One way or two way rotation with the Jobo?
I happened to be developing some film today, and I noted that the small white "gear" with three "blades" can be adjusted so that the expert tanks will rotate in one direction, or in two directions ( that is, will reverse after after a certain traverse ). Naturally I began to wonder when one would use one way rotation, and when one might use the back and forth rotation. I have been using the back and forth rotation with my expert tanks, but I am careful never to overload the tanks with too much solution....thus, I develop only a few sheets of film at one time. Can anyone speak to when "one way rotation" should be used? I did note that with the one way rotation the speed of the drum is not as easily adjusted, i.e., the rotation appears to be very much faster then I recall, and setting the speed dial does appear to have much affect.
Use the two way. It helps prevent any developing marks and makes agitation even.
Are you using the 4x5 drum or the 8x10 drum. No need to use a partial tank in my experience with the 4x5 tank. You should be careful to use two hands with the lift. I use my left hand on the lift and my right hand under the drum for support.
I am not aware of a useful purpose for the one way rotation.
I agree with jeroldharter. I always figured it was for future compatibility with some yet un-invented process that might require single-direction agitation. Either that or it is for use with their 'rock tumbler' conversion kit...
Thanks Jerold and ic...have you heard of anyone blowing out a motor on a CPP or CPA, and if so, what was the "cause" ? I would hate to have to give up the Jobo, and so I am very careful Jerold about the weight of the drums ( that is, the weight of the solution added to the drums which translates into the number of sheets developed! ).
No first-hand experience, but I did read reports on the forums of motors slowing or stopping. I believe there was a "motor upgrade" about 10 years ago, but I don't know much about it. (Serial # 22000 and lower?)
Originally Posted by Mahler_one
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Been there ...
If one experiences the failure of the tank rotation motor to turn, It is probably NOT due to motor failure. There is a rather strange triple-contact relay cammed by the shaft carrying the "three-lobed" reversing cam. The relay contacts there are not enclosed, and over time foreign crap works its way in there, effectively insulating one contact from another.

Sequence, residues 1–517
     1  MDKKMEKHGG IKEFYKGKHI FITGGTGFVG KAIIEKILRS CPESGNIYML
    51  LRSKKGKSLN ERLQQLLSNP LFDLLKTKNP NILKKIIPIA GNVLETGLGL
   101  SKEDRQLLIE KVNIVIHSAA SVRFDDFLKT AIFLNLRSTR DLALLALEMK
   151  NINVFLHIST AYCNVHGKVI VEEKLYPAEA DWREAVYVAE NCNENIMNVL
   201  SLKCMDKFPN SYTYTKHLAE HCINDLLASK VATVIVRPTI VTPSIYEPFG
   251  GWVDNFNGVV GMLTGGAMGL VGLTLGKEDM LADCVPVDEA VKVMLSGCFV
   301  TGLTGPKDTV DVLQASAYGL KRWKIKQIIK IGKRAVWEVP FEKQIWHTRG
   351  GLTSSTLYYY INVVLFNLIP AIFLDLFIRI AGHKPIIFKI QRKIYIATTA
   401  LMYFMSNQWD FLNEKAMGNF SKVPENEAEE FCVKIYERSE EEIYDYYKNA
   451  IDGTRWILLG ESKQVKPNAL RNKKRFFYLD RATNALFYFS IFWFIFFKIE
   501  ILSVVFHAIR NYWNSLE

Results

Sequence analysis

The cure is not easy. The control unit must be disassembled (top half pried - with great patience and care - breaking the sealing material from the bottom). Be sure to remove all necessary screws, fasteners and knobs. Follow the shaft to the relay assembly. It will be hard to see - access to it is a genuine challenge!!!
I suggest you have an assortment of extra-long straight and bent needle-nosed pliers, tweezers, and soft wire, for tool improvisation.
Once there it IS possible (have faith!) to work tiny strips of paper between the contacts to clean then.
I have performed this lttle exercise on my JOBO CPP-2 three times, successfully.
OBTW -- Jobo only advises one-way rotation when developing Kodak "Disc" film. Why? - I have NO idea.
Ed Sukach, FFP.
Originally Posted by ic-racer
What a great find!!! Apparently, if one's Jobo serial number is high enough, then the motor and everything "else" should be able to function with the same reliability as the ATL. Since I believe that the ATL is pre-programmed to rotate both ways (???) there should be no issues with undue wear on the Jobo CPP motor with bi-directional rotation as long as one has a unit with a high enough serial number!! MIne is over 24,000 so I am relieved. However, the real importance is if one is considering a used unit, and one uses expert tanks. then the serial number assumes tremendous importance. Ask for the serial number if buying a used CPP/CPA!
Ic....I really thank you for going to the effort of finding the information, and posting such.
Last edited by Mahler_one; 04-07-2009 at 05:52 PM. Click to view previous post history.
I only process sheet film with my Jobo and use one way only. No problems.
PRocess sheet film
Thanks....what drums to you use on which Jobo model?
Originally Posted by msage
In general, two-way is safer. It minimizes the possibility of standing flow patterns which might lead to uneven development.
I have a CPA-2 with a late serial number, but I'm still really wary of overloading the motor, especially since the machines are no longer being made. With the larger Expert drums (3004, 3005), which are pretty heavy even empty, I generally keep the fluid load to 600 ml or less.